Once Mondath is dead, the PCs learn the next detail of the plan, though not one that says anything new about the cult’s villainy – just a specific new lead to follow up on.


Episode 4: On the Road

The previous Episode killed off two of the four named villains the PCs have heard, forming an early narrative peak. The scope of the adventure now shifts to a larger area with a lengthy travelogue, which introduces a lot more named NPCs – including Azbara Jos, one of our longer-term villains.

The weird thing about this Episode is that it has a very detailed day-by-day progress track for Rezmir, but it seldom suggests any way for the PCs to learn about those events, much less influence them. There are frequent rumors of her presence – maybe it should have been called Where in the World is Wyrmspeaker Rezmir? (Rockapella. Reunion. Tour.) The NPCs directing the PCs to undertake this mission could be a lot clearer about what the PCs are supposed to accomplish – or maybe the text just buries the lede in a section I’m skimming. Most PCs, if they know they’re traveling alongside the enemy’s treasure-wagons, will conclude that they should steal that treasure, but that’s a bad idea here. They’d be blocking a drop in the bucket of the Cult’s treasure-gathering, and losing out on a source of information.

A lot of side-quest content takes place here, as well as introducing three of the five factions. I still don’t quite get how the Zhentarim aren’t villains in 5e, but whatever. Like I said, the PCs meet Azbara Jos, and with a skill check they can figure out that he is a Red Wizard. He says almost nothing, keeping to himself up until the last scene of this Episode. At that point, he gets involved in calming people after a murder, though it’s not at all clear why he does even that much. His traveling arrangements imply that he might be involved with the Cult, which of course he is.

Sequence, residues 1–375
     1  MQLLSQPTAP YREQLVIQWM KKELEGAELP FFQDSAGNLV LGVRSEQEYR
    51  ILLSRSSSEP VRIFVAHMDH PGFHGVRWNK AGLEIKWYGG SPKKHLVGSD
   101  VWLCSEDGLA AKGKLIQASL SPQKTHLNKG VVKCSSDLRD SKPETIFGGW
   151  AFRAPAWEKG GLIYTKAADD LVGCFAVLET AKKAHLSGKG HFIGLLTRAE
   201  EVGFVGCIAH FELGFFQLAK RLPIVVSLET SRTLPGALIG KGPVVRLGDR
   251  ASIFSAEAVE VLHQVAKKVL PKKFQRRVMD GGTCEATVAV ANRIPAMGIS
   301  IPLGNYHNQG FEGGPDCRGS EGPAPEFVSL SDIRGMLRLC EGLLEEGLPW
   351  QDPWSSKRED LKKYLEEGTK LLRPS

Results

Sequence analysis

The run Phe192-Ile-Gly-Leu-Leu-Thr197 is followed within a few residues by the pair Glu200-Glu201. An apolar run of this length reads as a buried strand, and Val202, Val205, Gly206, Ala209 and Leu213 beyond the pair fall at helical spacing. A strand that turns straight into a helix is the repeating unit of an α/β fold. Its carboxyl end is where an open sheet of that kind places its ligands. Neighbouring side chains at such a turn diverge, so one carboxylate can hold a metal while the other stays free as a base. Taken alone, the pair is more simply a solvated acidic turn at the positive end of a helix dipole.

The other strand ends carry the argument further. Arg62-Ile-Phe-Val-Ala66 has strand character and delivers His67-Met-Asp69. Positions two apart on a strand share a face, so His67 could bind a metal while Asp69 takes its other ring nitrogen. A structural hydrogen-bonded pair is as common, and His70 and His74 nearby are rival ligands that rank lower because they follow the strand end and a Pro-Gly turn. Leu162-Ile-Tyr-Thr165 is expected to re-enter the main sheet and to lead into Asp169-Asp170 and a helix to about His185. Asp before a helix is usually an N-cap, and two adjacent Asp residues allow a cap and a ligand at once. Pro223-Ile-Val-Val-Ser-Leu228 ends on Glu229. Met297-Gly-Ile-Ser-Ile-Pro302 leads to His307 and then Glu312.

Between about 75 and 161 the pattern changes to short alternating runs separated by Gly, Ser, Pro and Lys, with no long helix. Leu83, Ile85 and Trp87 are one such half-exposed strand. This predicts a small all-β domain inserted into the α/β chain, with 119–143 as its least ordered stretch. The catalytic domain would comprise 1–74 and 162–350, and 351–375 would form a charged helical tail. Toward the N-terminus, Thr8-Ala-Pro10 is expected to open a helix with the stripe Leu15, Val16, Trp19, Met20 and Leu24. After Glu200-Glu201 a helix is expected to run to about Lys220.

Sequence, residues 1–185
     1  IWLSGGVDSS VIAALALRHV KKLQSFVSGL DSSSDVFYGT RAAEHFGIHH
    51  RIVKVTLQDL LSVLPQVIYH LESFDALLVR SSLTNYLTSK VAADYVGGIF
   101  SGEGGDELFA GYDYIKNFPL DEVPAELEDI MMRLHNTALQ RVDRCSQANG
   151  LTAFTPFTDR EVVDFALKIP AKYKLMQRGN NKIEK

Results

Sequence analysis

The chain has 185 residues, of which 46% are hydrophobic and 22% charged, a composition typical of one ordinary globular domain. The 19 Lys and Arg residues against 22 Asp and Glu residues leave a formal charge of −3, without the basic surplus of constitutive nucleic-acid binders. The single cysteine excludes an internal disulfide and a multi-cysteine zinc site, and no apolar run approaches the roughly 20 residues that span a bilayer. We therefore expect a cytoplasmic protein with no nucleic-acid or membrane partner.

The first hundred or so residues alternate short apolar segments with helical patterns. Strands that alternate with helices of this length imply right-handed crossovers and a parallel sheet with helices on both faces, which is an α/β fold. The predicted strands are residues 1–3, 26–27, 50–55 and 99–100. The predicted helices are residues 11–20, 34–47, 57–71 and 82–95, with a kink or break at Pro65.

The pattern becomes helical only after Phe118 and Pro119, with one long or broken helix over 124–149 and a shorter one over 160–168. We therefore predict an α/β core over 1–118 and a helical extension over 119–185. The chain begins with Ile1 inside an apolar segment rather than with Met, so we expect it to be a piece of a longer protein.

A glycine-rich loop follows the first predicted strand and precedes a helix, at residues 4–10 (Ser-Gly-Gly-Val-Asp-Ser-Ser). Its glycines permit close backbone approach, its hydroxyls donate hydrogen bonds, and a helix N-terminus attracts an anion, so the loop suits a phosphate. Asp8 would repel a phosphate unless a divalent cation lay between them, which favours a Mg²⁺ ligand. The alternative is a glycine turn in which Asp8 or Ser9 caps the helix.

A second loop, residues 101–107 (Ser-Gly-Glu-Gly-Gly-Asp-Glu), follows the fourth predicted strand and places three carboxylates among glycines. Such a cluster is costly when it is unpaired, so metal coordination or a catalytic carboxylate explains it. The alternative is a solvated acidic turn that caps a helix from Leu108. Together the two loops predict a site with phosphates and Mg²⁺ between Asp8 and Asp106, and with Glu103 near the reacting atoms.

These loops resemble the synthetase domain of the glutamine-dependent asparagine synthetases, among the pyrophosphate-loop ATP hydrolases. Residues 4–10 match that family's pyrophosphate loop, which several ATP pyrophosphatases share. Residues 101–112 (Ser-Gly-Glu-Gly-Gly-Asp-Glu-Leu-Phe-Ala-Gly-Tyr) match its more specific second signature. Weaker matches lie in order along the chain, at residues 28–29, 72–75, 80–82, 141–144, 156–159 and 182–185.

In other encounters during this Episode, cultists interfere with the PCs in various ways, including an attempted assassination that the PCs might or might not be able to pin on them. Overall, this Episode is more about showcasing day-to-day life in the Realms and the kinds of threats that standard adventuring turns up.

As a side note, I feel like this Episode wants to build a lot of tension with unresolved questions, but it underestimates the potential information-gathering strength of PCs. Be prepared to do a lot of ad-libbing here, if your PCs are nobles, mystics (good lord, but a telepath can waltz through a lot of this), anyone with detect thoughts, and so on. I wouldn’t exactly call these encounters red herrings, but I see a lot of potential for them to expand to fill whole sessions, if the DM doesn’t step in early to redirect the PCs.


Episode 5: Construction Ahead

This brief Episode is the conclusion of Episode 4’s travels, covering the last leg of the caravan’s journey from Waterdeep to a roadhouse some distance from Castle Naerytar. There aren’t a lot of new developments here on the villain front, but there’s an investigation sequence and a partial payoff for the final scene of Episode 4.

It’s well off-topic for this post, but I want to mention how delicate the information dependencies are in this Episode. The whole adventure could get derailed and shut down hard if things go wrong for the PCs here – if they get caught breaking into the storage room or if they miss that the treasure-crates go to the strong room in the roadhouse. Sure, they might think to look there on general principle, and if something does go off-course, the DM should probably nudge them in that direction. Failing that, the PCs could hexcrawl their way into meeting the lizardmen in the Mere of Dead Men, and getting directions to Castle Naerytar from them.


Episode 6: Castle Naerytar